Elections, Exclusives, Mike Rosen, National, U.S. Congress

Rosen: Kavanaugh ordeal a teachable moment

Congratulations to Judge Brett Kavanaugh on his appointment to the Supreme Court. Whatever else happens in the November elections in this bizarre political climate at least we’ll now have a reliable majority of SCOTUS justices who respect Constitutional originalism. To borrow an expression often used by Barack Obama, the American public has experienced a profound “teachable moment” by the utterly repulsive performance of Democrats and their fellow travelers in the liberal media and the lunatic fringes of the radical left. So what have we learned?

When contrived, theatrical protests by unruly, screaming, costumed political activists disrupted hearings in the Senate Judiciary Committee and shouted down elected members, some Senate Democrats described this as “democracy at work.” It most certainly is not. You might call this a form of civil disobedience (or in this case uncivil disobedience.) Yes, peaceful protests are constitutionally protected, but not absolutely. When taken to extremes, invading public or private venues and interfering with other people’s rights, freedoms or property; civil disobedience may be punishable as misdemeanors or even felonies. Representative government is fundamental to our Constitutional republic, wherein the people delegate legislative and procedural powers to those it elects to office. What we witnessed was not democracy but Mobocracy.

During the final confirmation vote in the Senate chamber on Saturday, elements of the anti-Kavanaugh uncivil rabble in the gallery shouted down Vice President Mike Pence with cries of “Shame! Shame” as the vote failed to go their way. Something was shameful but the would-be “shamers” directed their bile at the wrong target. They should have looked in the mirror. Other angry protestors vented their disapproval outside the Capitol and in the streets. This is typical of the mentality and excesses of the so-called anti-Trump “Resistance” that sprung up in the wake of his election in 2016 and still continues. While they have every right to oppose Trump, this isn’t democracy, either. You can call it free speech or freedom of assembly. But it’s a rejection of the democratic process in a free and fair election by those who disagree with its outcome. I remember, in Denver, immediately after the election when anti-Trump fanatics blocked sidewalks and streets in LoDo and highway traffic on I-25 near the Broncos’ stadium. Besides inconveniencing pedestrians and motorists, this tantrum served no purpose but psychotherapy for these sore losers who felt the need to demonstrate their physical “empowerment.” By way of comparison, “Tea Party” conservatives and Republicans who disapproved of President Obama’s polices never behaved anything like this.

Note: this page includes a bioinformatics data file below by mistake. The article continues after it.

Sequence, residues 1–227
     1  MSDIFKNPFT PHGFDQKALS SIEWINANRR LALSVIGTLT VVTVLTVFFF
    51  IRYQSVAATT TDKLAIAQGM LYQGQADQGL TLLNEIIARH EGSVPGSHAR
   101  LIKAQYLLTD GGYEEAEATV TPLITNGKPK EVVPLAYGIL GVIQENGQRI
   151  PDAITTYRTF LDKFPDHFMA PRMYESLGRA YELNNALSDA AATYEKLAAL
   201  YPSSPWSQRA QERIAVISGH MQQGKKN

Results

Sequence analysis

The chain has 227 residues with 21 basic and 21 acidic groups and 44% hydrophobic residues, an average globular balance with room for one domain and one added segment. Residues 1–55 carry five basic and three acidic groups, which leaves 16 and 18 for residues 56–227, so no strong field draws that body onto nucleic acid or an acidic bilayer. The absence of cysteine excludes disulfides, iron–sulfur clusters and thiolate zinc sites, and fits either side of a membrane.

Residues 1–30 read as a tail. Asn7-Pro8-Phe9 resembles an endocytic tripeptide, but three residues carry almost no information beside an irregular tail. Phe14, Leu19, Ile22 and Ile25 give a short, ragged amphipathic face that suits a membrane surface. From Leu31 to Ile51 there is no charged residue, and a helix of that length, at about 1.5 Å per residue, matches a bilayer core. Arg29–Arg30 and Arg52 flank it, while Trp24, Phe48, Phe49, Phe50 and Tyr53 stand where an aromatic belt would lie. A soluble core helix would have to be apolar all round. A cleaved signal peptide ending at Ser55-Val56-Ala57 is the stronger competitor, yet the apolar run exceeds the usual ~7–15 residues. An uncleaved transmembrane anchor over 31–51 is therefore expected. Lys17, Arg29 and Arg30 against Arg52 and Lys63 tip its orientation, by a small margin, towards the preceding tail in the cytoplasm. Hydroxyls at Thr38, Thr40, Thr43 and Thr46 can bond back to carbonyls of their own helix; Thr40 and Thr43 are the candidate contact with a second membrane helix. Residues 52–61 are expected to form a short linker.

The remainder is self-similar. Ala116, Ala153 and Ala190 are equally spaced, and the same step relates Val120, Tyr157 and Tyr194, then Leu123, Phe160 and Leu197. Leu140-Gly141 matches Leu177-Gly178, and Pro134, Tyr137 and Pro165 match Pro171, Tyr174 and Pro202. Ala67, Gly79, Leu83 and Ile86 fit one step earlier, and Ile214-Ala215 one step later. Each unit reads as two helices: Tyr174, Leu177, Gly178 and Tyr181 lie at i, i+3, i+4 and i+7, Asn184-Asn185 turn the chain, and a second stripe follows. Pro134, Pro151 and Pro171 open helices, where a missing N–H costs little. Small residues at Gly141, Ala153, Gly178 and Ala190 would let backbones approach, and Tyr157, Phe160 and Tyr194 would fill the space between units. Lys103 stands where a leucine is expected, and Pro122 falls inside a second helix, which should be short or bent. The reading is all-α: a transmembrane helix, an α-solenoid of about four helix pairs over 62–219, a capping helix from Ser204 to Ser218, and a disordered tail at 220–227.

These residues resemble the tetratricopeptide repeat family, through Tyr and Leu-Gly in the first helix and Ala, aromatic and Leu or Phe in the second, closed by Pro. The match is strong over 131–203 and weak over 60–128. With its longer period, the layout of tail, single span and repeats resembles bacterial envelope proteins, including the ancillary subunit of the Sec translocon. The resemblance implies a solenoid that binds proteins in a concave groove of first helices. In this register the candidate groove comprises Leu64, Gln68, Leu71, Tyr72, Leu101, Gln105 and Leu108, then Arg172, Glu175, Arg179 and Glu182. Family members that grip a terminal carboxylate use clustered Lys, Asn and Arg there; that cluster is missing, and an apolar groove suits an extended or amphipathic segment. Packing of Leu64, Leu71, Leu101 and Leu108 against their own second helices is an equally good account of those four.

Getting back to the Judiciary Committee proceedings, every one of the committee’s Democrats were intransigently determined to block Kavanaugh from the court by any means necessary before the hearings even started. For them, this was a show-trial Joe Stalin would have envied and it drove them to present blatantly illogical and transparently dishonest attacks and positions from the outset. Here are just a few of the lowlights: